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«Warranty and the Risk of Misinforming: Evaluation of the Degree of Acceptance1 Dimitar Christozov Stefanka Chukova American University in Victoria ...»

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Issues in Informing Science and Information Technology Volume 5, 2008

Warranty and the Risk of Misinforming: Evaluation

of the Degree of Acceptance1

Dimitar Christozov Stefanka Chukova

American University in Victoria University of

Bulgaria, Blagoevgrad, Wellington, Wellington,

Bulgaria New Zealand dgc@aubg.bg stefanka@vuw.ac.nz Plamen Mateev, University of Sofia “St. Kliment Ohridski”, Sofia, Bulgaria pmat@fmi.uni-sofia.bg Abstract Nowadays the product warranty plays increasingly important role in any business transaction. It is a valuable attribute of the product and it is used extensively in marketing and advertising. It is a tool to enforce the competing power of the producer on the market place. There is a vast literature on the product warranty related to the product malfunctioning. In this study we address another type of warranty - the warranty of misinforming, which of great importance in the light of indirect business communication, as in e-commerce. Here, we extend previous studies, aiming to provide a more realistic model for quantifying the risk of misinforming caused by information asymme- try. We propose an approach for evaluating the degree of acceptance of the product with respect to individual tasks, which previously was assumed to be a known constant.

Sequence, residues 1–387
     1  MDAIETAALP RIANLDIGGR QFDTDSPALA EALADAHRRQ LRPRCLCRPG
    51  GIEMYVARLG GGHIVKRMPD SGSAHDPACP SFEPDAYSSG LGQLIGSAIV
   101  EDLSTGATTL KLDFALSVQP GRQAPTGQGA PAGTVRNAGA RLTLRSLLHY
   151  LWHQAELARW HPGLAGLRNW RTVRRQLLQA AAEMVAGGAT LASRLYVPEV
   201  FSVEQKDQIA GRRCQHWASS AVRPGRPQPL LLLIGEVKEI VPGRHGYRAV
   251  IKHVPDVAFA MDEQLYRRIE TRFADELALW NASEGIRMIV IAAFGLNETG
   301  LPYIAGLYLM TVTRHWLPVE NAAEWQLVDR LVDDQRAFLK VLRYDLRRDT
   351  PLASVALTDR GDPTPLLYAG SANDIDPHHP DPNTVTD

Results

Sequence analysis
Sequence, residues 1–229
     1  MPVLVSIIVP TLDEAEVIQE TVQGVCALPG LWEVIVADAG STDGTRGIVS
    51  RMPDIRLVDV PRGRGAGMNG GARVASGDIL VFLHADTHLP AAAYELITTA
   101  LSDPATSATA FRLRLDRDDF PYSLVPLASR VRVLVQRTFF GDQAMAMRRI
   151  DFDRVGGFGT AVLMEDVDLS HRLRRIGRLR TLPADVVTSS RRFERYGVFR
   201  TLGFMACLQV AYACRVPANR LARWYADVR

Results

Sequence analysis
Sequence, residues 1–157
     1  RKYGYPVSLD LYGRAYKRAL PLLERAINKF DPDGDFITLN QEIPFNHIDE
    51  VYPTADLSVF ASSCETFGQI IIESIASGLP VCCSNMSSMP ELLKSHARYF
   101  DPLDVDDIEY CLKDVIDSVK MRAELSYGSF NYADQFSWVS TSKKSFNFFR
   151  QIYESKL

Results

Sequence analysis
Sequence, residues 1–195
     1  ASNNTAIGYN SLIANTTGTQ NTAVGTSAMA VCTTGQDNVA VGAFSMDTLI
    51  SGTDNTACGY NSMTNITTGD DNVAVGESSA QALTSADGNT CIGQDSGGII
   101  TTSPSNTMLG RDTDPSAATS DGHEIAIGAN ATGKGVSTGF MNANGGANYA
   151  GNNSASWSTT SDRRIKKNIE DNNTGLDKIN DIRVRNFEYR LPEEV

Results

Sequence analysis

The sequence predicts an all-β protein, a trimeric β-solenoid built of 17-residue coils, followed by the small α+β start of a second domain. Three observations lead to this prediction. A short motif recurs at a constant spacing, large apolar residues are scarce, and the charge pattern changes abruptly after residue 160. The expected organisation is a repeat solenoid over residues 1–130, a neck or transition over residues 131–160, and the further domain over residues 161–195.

Keywords: information asymmetry, misinforming, warranty, risk, degree of acceptance.

1 This research is partially supported by NFSI-BG, Grant No VU-MI-105/2005 Introduction This paper is an extension of our previous findings presented in Christozov, Chukova, and Mateev (2006, 2007). We address an open problem posted earlier related to the evaluation of, so called, degree of acceptance of a product by a client. Here, we propose an approach and illustrate a useful procedure for evaluating this degree of acceptance. So, in this paper we provide a de- tailed outline of an approach for quantifying the risk caused by information asymmetry by briefly summarizing the ideas shared in Chris- tozov, Chukova, and Mateev (2006, Material published as part of this publication, either on-line or in print, is copyrighted by the Informing Science Institute. 2007) and elaborating on the evaluation Permission to make digital or paper copy of part or all of these of the degree of acceptance.